Linda Ershow-Levenberg, Esq.

About Linda Ershow-Levenberg, Esq.

Linda is the managing partner at Fink Rosner Ershow-Levenberg, LLC. She takes care of the legal problems of the elderly and of people young and old who have disabilities, by protecting access to government benefits and planning for life-long care with whatever tools may be needed. Linda has been certified in Elder Law (C.E.L.A.) by the National Elder Law Foundation since 1999, is the past chairman of the New Jersey State Bar Association Elder & Disability Law Section, and New Jersey Elder Law. Find out more about Linda Ershow-Levenberg

NJ law streamlines process for fiduciary resignation

A person who has been appointed as administrator of an estate or Executor under a Last Will and Testament is appointed to their role by either the Surrogate’s Court or Surrogate’s office. I’ve previously blogged about the steps to take if a fiduciary wants to quit the job. Previously, it was necessary to file a formal Complaint in Superior Court on notice to the beneficiaries. Amendments to the statute passed by the Legislature in New Jersey would enable a fiduciary who was appointed by the Surrogate to file this process through an application for resignation at the Surrogate’s Court which appointed him/her.PL 2017, Ch. 208 Download: New_Jersey-2016-A1955-Amended.html If s/he was appointed by the Court, a Complaint will still be required. The amendments deal with executors under a Will, administrators of estates, and trustees.

The law specifies the requirements for such a filing:

N.J.S.A. 3B:14-19 (a)… (1) a written statement of intent to resign, (2) a copy of the governing instrument which expressly authorizes resignation of the fiduciary, (3) proof of compliance with the terms, if any, set forth in the governing instrument, and (4) proof that the resigning fiduciary has served written notice of intent to resign on all co-fiduciaries and all parties to the estate or trust at least 20 days prior to filing with the court.”

In section (b), discharge must be granted as long as requirements are met: “A court in receipt of a request for discharge that meets the requirements established pursuant to subsection a. of this section shall discharge the fiduciary if: (1) no opposition has been filed, (2) the discharge will not be prejudicial to the estate or persons interested therein, and (3) either the estate or trust administration is concluded, there is a co-fiduciary with authority to continue with the administration, or there is a successor fiduciary appointed simultaneously with the discharge who is acceptable to the court.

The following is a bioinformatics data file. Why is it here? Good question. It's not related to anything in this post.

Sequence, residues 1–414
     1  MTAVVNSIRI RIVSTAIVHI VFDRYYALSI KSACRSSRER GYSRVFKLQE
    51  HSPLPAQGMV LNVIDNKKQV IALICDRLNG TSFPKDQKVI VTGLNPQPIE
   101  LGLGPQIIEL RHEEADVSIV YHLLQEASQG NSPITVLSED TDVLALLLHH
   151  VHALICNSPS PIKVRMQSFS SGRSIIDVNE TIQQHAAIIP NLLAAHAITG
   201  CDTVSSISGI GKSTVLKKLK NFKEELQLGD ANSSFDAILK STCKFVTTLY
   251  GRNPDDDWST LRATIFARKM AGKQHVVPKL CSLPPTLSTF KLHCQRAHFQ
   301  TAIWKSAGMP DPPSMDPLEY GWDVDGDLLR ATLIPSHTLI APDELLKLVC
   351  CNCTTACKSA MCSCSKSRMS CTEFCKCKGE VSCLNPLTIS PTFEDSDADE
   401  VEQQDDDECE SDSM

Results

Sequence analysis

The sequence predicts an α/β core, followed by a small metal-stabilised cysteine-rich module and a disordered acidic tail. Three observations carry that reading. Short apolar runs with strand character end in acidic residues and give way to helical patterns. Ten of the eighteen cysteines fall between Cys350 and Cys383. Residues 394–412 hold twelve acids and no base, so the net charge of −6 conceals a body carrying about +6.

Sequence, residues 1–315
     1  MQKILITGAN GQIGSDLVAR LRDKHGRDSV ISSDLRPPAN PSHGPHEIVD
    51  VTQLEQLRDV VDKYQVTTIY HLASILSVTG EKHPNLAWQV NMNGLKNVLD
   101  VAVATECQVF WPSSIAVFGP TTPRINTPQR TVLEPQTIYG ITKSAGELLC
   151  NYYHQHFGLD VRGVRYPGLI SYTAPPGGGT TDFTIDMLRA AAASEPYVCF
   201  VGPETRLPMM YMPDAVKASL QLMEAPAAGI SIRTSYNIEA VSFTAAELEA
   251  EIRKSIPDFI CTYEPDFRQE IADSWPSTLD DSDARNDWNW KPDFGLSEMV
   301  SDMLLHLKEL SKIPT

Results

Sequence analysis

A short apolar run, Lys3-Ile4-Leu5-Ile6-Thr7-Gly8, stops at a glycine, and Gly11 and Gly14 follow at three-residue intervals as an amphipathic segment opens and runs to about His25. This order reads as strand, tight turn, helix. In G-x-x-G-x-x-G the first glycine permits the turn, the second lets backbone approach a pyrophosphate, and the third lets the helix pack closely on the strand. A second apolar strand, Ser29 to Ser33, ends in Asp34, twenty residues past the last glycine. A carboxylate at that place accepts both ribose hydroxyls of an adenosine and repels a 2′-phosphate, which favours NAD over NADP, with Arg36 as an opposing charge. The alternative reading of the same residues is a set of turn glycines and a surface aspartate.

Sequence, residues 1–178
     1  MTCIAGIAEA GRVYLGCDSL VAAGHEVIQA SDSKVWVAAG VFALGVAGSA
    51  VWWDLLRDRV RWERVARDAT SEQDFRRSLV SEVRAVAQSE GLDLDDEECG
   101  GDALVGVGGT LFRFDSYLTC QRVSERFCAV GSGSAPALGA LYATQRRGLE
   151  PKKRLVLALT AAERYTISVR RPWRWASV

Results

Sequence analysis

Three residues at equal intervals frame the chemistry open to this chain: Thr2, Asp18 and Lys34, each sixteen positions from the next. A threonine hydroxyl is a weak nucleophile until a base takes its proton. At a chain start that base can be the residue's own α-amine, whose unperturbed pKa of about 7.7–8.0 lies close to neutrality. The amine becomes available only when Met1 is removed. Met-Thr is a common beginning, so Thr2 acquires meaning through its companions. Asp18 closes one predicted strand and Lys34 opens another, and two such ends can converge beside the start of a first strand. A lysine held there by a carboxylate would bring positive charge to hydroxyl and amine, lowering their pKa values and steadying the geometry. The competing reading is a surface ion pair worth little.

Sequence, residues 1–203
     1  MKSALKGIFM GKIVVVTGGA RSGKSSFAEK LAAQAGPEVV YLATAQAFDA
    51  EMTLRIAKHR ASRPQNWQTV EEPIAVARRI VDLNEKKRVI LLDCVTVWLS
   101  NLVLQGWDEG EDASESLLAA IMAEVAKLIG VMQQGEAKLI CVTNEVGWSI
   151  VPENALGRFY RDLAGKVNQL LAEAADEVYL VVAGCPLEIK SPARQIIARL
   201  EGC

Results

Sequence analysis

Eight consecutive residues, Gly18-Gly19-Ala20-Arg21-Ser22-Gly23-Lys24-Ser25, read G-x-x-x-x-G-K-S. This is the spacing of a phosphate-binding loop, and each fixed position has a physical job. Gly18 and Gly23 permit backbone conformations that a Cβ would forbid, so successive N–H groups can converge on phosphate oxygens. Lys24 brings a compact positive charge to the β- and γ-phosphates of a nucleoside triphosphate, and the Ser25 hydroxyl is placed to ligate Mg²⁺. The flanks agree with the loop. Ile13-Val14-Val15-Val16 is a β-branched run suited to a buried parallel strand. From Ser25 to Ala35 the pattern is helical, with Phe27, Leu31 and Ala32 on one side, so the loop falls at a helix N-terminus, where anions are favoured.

Bear in mind that being discharged from the duties does not relieve the fiduciary from accountability.

The law takes effect 60 days after enactment, which will be October 7, 2017.

Contact us for advice on administering estates and trusts ….. 732-382-6070



Navigating the Coordination of Medicaid benefits with other benefits

Generally speaking, the Medicaid program is the payor of last resort. If an individual is eligible for Medicare as his or her primary health insurance, Medicare would be the primary payor for medical needs, and Medicaid would become the secondary payor for any remainder. If an individual maintains a “medi-gap” insurance policy, that policy would be secondary and Medicaid would be in third place. When it comes to paying for long-term nursing home care (or assisted living or home care), Medicare and most Medi-gap policies do not pay for it, so Medicaid becomes the primary payor. If an individual has a long-term care insurance policy, Medicaid would generally pay the remainder of cost, at the Medicaid rate, after the benefit provided by the LTC policy.

Interested in digging deeper into this coordination of benefits? The Centers for Medicaid and Medicare Services has published an excellent, user friendly guidebook. Enjoy!

Call us about asset protection planning, Medicaid eligibility and Fair hearings for denials of Medicaid benefits … 732-382-6070



Please! Set up that QIT before filing the Medicaid application!

“What on earth is a QIT?” Under the New Jersey Medicaid program, there are some extra hoops to jump through when the applicant’s gross monthly income from all sources exceeds $2,205.00. This number is colloquially referred to as the “income cap,” and up until late 2014, it created a hard barrier to eligibility for home and community-based Medicaid services for higher-income applicants, and it placed recipients into the “Medically Needy” nursing home Medicaid program. The general rule with Medicaid is that the applicant must turn over all of their income to the nursing home except for specific authorized deductions, such as a Personal Needs Allowance (recently raised to $50/month), health insurance premiums and support of the community spouse. Simple enough. For the higher-income individuals, however, they must funnel the income through a Qualified Income Trust or QIT.

I’ve written about this process before. The QIT is an irrevocable income trust for sole benefit of the Medicaid applicant, and the State is the first remainder beneficiary at death of the Medicaid recipient. The State published a template as well as an instruction sheet for the helpful family member and the bank, to help everyone understand how to set it up. So what’s the problem? The problem is that when a Medicaid application is filed at the County Board of Social Services, the applicant’s family member/ representative  might be told “don’t forget, you have to set up a QIT.” They may be given the State’s forms. They may not be told that it must be done immediately. What they aren’t given is step-by-step instructions on just what this “thing” is, how it has to be administered, and what the Trustee’s responsibilities are from month to month. It can be very difficult for the family member to reach the caseworker for follow-up. Despite the fact that state Medicaid regulations specifically require the local agencies to assist the applicants to secure eligibility, little help is provided on the QIT process. If that weren’t enough, some banks just don’t understand the process. In one of my recent cases, the branch manager of a major bank insisted that this trust could only be established through the corporate office — totally wrong advice. Sometimes, the family member just throws up their hands and walks away from it.